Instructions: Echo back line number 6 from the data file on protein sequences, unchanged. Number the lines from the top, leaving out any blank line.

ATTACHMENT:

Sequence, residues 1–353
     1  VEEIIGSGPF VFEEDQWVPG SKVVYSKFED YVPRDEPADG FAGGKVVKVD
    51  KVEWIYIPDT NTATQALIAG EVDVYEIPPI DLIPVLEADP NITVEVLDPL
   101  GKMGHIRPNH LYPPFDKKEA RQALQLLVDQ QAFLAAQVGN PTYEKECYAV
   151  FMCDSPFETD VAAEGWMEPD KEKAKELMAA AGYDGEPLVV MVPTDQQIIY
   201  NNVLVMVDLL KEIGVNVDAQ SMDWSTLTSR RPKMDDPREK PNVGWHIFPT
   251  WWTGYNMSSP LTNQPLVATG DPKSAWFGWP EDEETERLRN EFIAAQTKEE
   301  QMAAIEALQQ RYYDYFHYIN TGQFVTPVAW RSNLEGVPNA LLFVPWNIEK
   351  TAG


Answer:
   201  NNVLVMVDLL KEIGVNVDAQ SMDWSTLTSR RPKMDDPREK PNVGWHIFPT